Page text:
When my agent gets hold of one of my manuscripts, it's not good enough. Like one of those little Lego kits with pieces that can be turned into all sorts of things, she deconstructs my basic car, hands me a few new pieces and helps me put it back together so that it looks a bit more like Lego luxury. And guess what? It's still not good enough.
Eventually my editor will get her hands on it, and she'll pull it all apart again, add a few more pieces, and by the time she's done handing it all back to me, I've got what I need to build a Lego Maserati. Then the copy editor comes along and puts on the equivalent of a brand new coat of paint.
All the readers ever get to see is the showroom Maserati.
So back to my point about "not good enough": If you want to write, if you dream about writing, and you worry that you aren't good enough, well, frankly, you're right. But so what?
As both a reader and a fellow writer, I'd be a little worried about you if you didn't think your stuff wasn't good enough, because it seems that the writers who believe their creations are brilliant are the ones who truly suck. (No offense meant to anyone in particular).
The only way to get good enough is to write and learn to spot your own bad writing. Sometimes it takes a lot of practice to learn to see it, but if you read your own work and you think that you're awesome, that should be your first clue that your writing needs help--that's the Kruger-Dunning Effect in action. The ONLY way to become good enough is to keep at it until you figure out how to spot and correct the errors. It has to be the doing--not thinking about writing, not dreaming about writing, not plotting or outlining or building characters--but sitting down in front of the computer (or typewriter, voice recorder or piece of paper) and hammering it out one word at a time until you get to a point where it no longer sucks.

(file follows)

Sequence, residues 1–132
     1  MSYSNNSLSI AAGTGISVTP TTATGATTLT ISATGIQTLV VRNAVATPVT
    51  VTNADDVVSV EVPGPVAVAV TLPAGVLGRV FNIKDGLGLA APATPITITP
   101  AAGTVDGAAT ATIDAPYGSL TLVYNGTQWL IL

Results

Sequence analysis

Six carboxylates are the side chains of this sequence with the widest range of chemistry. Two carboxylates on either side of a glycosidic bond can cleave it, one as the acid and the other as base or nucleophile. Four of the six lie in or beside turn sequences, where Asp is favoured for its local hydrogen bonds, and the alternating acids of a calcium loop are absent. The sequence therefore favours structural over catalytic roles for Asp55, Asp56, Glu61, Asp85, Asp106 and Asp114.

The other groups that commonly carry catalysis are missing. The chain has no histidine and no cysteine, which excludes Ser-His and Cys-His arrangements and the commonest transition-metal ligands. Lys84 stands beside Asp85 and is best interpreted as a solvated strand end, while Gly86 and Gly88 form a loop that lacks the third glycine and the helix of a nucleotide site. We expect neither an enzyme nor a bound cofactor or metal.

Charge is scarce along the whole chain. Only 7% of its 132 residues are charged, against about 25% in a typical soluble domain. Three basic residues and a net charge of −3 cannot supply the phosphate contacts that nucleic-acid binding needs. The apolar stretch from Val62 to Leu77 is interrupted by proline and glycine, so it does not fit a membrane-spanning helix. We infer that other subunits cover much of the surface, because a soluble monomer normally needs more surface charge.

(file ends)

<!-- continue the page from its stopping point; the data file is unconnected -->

Taylor Stevens is an award-winning and New York Times bestselling novelist who—by odds and expectations—should never have become either successful or published. Like many aspiring authors Stevens had no credentials or platform, and no direct route into the publishing world. But, unlike most, she was also limited by a life of cultural isolation and a sixth-grade education.
Born into an apocalyptic cult and raised in communes across the globe, Stevens grew up as a child laborer, cooking and cleaning for up to a hundred at a time, caring for younger commune children, or out on the streets begging on behalf of commune leaders. Books, movies, music, and pop-culture from the outside world were strictly forbidden, and she finally gained unlimited access to fiction after returning to the United States in her early thirties. Her books have since been published in over twenty languages, with The Informationist optioned for film by James Cameron’s production company, Lightstorm Entertainment.